The Monitor, Kampala
Govt, EU Dig in As Trade Agreement Target Date Passes
By Peter Nyanzi
15 September 2009
EAC partner states were unable to meet the target date of July 31, to complete negotiations of the comprehensive EPA, writes Peter Nyanzi.
The government and European Union officials have stepped up efforts to dispel fears that the country’s exports to the European Union could be in jeopardy following the expiry of the target date for finalising the signing of the Economic Partnership Agreement (EPA).
An interim framework agreement between the East African Community (EAC) and the EU was initialed in Brussels, Belgium on November 27, 2007 with an understanding that the full agreement would be concluded at the end of July, 2009.
With a target date of July 31, passing almost two months ago, there has been apprehension about the validity of the interim plan under which the two blocs are trading with each other.
However, Mr Emmanuel Mutahunga, the senior commercial officer in the Ministry of Tourism, Trade and Industry, has now come out to reassure the country that market access to the 27-member bloc of 500 million people was still "secure."
"Of recent, there have been concerns that the EAC partner states were unable to meet the target date of July 31, to complete negotiations of the comprehensive EPA and thus fears about the trade regime under which our private sector will be trading with the EU," said Mr Mutahunga at a press briefing in Kampala last week.
"We would like to assure all stakeholders that the Framework EPA that we initialled in November 2007 is in force until the comprehensive EPA enters into force. Thus the market access negotiated under the Framework EPA remains secure. The private sector should as such plan with no uncertainties to exploit the market opportunities."
Because of the need to beat the December 31, 2007 deadline dictated by the World Trade Organisation (WTO); the free trade negotiations between the EU and the African, Caribbean and Pacific (ACP) became both urgent and frantic.
Without the EPAs, poor countries like Uganda would not continue to enjoy duty-free and quota-free market access into the EU because it would be breaching strict WTO rules of reciprocity.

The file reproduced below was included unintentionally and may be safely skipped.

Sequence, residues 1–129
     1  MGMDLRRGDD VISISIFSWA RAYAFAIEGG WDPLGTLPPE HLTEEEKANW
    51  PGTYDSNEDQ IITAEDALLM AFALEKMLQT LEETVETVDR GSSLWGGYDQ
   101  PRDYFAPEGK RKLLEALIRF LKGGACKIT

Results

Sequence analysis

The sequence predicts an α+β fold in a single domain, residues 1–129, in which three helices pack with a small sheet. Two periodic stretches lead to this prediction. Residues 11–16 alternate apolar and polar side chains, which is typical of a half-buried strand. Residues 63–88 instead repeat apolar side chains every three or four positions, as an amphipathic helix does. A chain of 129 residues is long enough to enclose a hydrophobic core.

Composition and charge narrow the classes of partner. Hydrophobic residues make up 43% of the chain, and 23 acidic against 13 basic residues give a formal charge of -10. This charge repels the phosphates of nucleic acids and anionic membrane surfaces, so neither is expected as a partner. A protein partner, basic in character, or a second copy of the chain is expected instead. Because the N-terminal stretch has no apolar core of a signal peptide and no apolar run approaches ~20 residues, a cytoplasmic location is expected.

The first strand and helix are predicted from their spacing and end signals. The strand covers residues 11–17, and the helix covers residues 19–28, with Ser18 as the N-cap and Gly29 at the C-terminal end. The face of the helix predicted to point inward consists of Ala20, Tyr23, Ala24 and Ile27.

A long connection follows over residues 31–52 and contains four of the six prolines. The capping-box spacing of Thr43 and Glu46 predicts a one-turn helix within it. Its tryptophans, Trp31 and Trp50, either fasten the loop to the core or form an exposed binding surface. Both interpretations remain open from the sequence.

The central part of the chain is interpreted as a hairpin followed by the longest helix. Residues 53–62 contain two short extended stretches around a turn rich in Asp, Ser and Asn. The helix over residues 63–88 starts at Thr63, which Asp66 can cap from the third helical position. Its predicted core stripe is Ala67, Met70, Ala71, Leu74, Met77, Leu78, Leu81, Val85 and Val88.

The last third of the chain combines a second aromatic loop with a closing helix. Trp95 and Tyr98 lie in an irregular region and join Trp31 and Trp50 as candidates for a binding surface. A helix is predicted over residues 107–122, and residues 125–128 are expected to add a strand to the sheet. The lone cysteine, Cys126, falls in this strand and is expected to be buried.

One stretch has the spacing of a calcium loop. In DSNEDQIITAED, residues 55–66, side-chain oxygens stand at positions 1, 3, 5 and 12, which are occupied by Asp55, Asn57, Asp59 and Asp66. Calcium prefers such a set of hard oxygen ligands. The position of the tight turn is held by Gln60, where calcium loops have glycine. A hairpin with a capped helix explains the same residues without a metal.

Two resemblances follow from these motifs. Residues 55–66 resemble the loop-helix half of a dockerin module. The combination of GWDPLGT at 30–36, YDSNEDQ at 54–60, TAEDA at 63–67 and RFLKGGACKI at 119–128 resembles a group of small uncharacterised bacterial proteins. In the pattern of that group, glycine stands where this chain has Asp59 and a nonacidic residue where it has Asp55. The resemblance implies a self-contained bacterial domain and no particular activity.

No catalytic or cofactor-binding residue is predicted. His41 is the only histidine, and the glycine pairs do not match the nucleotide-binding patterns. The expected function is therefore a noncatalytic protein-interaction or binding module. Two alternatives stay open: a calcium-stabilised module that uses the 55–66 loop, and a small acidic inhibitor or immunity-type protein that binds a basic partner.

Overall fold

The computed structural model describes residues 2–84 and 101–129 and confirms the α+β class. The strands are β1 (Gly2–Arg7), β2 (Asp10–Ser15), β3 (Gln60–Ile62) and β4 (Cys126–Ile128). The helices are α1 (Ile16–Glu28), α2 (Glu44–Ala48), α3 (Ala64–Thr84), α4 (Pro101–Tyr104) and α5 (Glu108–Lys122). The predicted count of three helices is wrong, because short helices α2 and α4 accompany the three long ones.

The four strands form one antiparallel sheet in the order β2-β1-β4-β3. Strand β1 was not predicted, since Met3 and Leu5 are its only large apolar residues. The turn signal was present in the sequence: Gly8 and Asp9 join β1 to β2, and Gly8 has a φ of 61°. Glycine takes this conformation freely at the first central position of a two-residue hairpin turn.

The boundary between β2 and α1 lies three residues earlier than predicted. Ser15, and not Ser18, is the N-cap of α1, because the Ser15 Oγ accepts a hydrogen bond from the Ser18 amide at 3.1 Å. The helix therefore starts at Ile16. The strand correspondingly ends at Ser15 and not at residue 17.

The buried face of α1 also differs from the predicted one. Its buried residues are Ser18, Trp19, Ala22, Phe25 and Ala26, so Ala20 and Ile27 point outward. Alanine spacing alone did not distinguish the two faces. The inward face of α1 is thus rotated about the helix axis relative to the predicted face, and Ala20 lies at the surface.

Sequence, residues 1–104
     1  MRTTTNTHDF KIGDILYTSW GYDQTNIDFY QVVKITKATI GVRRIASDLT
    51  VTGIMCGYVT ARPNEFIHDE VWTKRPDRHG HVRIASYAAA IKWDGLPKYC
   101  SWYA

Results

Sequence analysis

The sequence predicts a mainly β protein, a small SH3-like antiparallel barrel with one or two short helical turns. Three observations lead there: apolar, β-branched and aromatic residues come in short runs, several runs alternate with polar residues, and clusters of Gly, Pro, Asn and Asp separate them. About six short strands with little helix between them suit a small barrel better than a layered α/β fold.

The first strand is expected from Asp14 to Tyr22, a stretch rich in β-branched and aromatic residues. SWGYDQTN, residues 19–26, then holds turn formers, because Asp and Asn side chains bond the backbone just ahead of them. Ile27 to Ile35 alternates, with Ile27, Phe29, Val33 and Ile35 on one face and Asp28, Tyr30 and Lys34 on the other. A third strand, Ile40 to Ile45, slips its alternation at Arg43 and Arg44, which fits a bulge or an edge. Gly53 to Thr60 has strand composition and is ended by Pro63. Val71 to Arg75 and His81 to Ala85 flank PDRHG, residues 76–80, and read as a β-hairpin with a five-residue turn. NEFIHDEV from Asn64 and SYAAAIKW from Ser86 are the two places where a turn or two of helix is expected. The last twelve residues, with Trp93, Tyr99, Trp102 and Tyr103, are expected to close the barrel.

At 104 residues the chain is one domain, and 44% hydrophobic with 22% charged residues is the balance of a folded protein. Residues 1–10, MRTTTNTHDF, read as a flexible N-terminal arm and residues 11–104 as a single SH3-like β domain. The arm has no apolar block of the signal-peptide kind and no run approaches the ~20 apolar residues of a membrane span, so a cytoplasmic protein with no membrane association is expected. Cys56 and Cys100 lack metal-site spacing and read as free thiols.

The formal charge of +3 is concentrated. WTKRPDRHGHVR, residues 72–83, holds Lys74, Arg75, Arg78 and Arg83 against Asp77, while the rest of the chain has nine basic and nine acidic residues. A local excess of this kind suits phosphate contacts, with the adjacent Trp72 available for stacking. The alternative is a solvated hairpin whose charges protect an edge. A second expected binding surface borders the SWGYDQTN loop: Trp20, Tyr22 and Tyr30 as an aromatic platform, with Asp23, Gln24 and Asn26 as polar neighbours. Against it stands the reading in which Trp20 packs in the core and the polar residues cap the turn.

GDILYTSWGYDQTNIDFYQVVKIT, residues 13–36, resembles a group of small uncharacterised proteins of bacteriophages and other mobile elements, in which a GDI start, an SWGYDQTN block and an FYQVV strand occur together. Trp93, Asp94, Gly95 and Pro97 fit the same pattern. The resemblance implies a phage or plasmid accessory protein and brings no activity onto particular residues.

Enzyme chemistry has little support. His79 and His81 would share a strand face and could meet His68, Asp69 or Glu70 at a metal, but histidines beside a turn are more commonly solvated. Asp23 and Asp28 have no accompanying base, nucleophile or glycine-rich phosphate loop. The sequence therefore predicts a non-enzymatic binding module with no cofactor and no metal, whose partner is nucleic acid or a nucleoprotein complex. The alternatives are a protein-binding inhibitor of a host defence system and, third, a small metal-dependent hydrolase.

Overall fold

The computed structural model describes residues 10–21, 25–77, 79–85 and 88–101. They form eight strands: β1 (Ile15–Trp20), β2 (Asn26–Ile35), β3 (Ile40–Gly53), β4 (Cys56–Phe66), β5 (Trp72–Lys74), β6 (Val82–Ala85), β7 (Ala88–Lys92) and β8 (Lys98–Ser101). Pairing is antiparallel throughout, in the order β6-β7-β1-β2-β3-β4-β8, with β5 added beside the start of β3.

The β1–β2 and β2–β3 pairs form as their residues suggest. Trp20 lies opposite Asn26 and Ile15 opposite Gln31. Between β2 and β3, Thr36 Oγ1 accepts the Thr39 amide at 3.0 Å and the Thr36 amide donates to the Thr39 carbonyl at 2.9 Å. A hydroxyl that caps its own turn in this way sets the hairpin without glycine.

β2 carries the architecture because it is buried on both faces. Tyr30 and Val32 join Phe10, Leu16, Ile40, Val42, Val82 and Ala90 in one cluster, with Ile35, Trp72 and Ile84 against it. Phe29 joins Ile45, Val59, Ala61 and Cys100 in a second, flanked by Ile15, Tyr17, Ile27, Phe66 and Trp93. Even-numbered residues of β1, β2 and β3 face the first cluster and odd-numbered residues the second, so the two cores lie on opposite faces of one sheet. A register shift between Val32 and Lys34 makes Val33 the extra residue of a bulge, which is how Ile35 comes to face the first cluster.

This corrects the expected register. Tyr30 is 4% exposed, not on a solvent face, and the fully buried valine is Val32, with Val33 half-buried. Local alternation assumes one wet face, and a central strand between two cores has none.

At the same press briefing, Mr Harvey Rouse, head of Political, Trade and Regional Integration at the EU Office in Kampala, called for patience; saying trade negotiations are "often difficult and time consuming."
"The deadline is not something we should worry about," he said.
"We know we will get there but we have to make sure that everyone’s interests are taken care of."
He was non-committal on the main sticking points that are delaying the negotiations. However, the EAC was severely criticised from various quarters for initialing the interim agreement, with critics saying the regional bloc gave away too many concessions to the EU.
Even before the interim agreements were signed, anti-poverty activists were lobbying legislators and policy makers in both the EU and ACP countries saying the EPAs had been derailed from the pro-development agenda they were supposed to bolster in a bid to help poor ACP countries become more competitive, generate decent jobs and access new technologies.
They said the EU must commit to raising sufficient resources to build the trade capacity of the ACP countries and help them overcome supply side constraints that keep their populations in perpetual poverty.
Mr Mutahunga said Uganda has compiled an exclusion list of numerous "sensitive goods," which it wants to protect from imports so as to safeguard employment and national revenue. The in-built transition period of 25 years before liberalizing is another mitigating factor.
The officials said negotiations on the EPAs would continue with a view to extending their scope so that they cover the liberalisation of services, as well as food safety, competition, investment, intellectual property among other issues.
Mr Mutahunga did not suggest any new deadline for the negotiations to be finalised. He said the ministry had prepared a response to the EU proposals, which is already going through the policy-making machinery.
After that, the proposal would be subjected to a ratification process by the Cabinet after satisfying all the requisite legal requirements.
Over the years, the EU has become the most important trading partner with Uganda accounting for more than 50 per cent of her total exports compared to the US, which takes just under 4 per cent.